Quick Links 22nd August 2016

Each week I’ll try and post quick links to things that I’ve seen, read, inspired me or just sparked my interest in the previous week, with a little background and my thoughts and other things that I’ve been up to in the previous week. Mostly gardening, cooking and environmental stuff but not always.


Slightly curtailed this week due to a variety of things all converging at once, and leaving little time for anything else.


Love this:


The Week In Wildlife – In Pictures


Currently Reading – not much progress since last week, so still the same books. I’ve lots on my “to read” pile, but it’s just one book at a time (or two in my case).

Run to the Mountain by Thomas Merton [GoodReads]

Seveneves by Neal Stephenson [GoodReads]


Sunday 21/08/2016 Holy Trinity Church, Bosham, West Sussex

Sunday 21/08/2016 Holy Trinity Church, Bosham, West Sussex

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Potting Shed Update 19th August

A quick video from the potting shed.

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Allotment Update from 13th August 2016

Since I recorded the above video, the pumpkin that is next to the brassica cage has succumbed to slug damage. I think I’m going to pull out that plant this weekend, as although it has already fruited another pumpkin, there is no way that it will ripen in time.

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Quick Links 15th August 2016

I’ve been publishing these Quick Links on a Tuesday for a while now. I’m going to try to continue to post them each week, but am moving them to a Monday until further notice as it’s a bit easier for me.


Each week I’ll try and post quick links to things that I’ve seen, read, inspired me or just sparked my interest in the previous week, with a little background and my thoughts and other things that I’ve been up to in the previous week. Mostly gardening, cooking and environmental stuff but not always.


One Of My Local Buzzards

One Of My Local Buzzards

I wrote last week about the licence to kill buzzards issued by Natural England (the supposed protector of our natural environment), although there has been a response by Natural England, which states that “Natural England will shortly be making documents associated with the assessment and granting of this licence publicly available”, I’m going to reserve judgement on this until I see the details.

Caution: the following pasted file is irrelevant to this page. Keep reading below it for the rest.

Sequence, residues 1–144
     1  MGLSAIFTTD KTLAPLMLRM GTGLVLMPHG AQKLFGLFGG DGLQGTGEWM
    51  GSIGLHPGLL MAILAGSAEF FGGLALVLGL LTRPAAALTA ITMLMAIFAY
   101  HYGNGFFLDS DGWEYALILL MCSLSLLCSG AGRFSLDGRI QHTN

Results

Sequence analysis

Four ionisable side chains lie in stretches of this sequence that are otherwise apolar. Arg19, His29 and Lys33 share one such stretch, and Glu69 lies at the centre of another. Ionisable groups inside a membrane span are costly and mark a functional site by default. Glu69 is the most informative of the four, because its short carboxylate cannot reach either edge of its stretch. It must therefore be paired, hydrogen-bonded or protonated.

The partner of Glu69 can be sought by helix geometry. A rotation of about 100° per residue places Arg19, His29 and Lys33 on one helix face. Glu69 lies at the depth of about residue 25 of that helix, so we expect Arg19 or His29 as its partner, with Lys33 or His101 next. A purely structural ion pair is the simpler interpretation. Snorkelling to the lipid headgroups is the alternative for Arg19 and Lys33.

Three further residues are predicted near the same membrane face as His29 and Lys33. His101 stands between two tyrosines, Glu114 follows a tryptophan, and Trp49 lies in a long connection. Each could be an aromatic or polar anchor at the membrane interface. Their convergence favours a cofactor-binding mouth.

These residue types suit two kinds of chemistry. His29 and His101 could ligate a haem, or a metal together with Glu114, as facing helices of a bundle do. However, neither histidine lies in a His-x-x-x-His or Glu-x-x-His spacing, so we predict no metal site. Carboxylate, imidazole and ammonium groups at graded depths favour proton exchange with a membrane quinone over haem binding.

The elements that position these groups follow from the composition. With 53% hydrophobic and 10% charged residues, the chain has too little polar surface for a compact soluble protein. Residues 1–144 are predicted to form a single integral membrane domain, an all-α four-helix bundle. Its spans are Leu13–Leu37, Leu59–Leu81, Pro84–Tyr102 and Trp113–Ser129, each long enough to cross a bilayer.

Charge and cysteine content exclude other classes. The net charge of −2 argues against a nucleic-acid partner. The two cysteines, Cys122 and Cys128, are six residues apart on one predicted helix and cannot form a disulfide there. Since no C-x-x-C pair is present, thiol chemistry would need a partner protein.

In other areas however RSPB has released information about the disappearance of satellite tagged Golden Eagles. (There’s more detail on satellite tagging of birds in this blog post as well). With this and the persecution of other raptors e.g. Hen Harriers, for what seems to be the sport of a privileged few, we seem to be going back to the bad old days of gamekeeper and sporting estates (or maybe we never left). Earlier this year I read “Raptor” by James Macdonald Lockhart [GoodReads], which bought home to me just how persecuted birds of prey used to be. Although things have gotten better, it does seem that there are still a few that are intent on taking the law into their own hands, and committing wildlife crime.


My Mum has a whole herd of elephants in her house. There are African ones, Indian ones, China ones, wooden ones, glass ones, plastic ones, but they are all ornaments. Many of them run trunk to tail across her mantelpiece. For me the elephant is an iconic symbol of a wild animal, an intelligent giant. It would be a human failure of epic proportions if they became an extinct species in the wild. A bit more on the history, and prehistory of the species here.


The Week In Wildlife – In Pictures


This time of year, when the vast majority of our food is coming from the allotment, we seem to eat very little meat. The arguments for moving to a vegan diet are quite convincing from many standpoints. Could I do it full time? I’m not sure, although my meat intake is quite low anyway, and I can’t eat fish due to allergies, I do eat quite a bit of dairy, particularly cheese, eggs and milk. I know there are alternatives to some of those, so I might give them a try and see if I can reduce at least some of that. We’ll see.


 Currently Reading – bit of a mix at the moment.

Run to the Mountain by Thomas Merton [GoodReads]

Seveneves by Neal Stephenson [GoodReads]

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Buzzards Overhead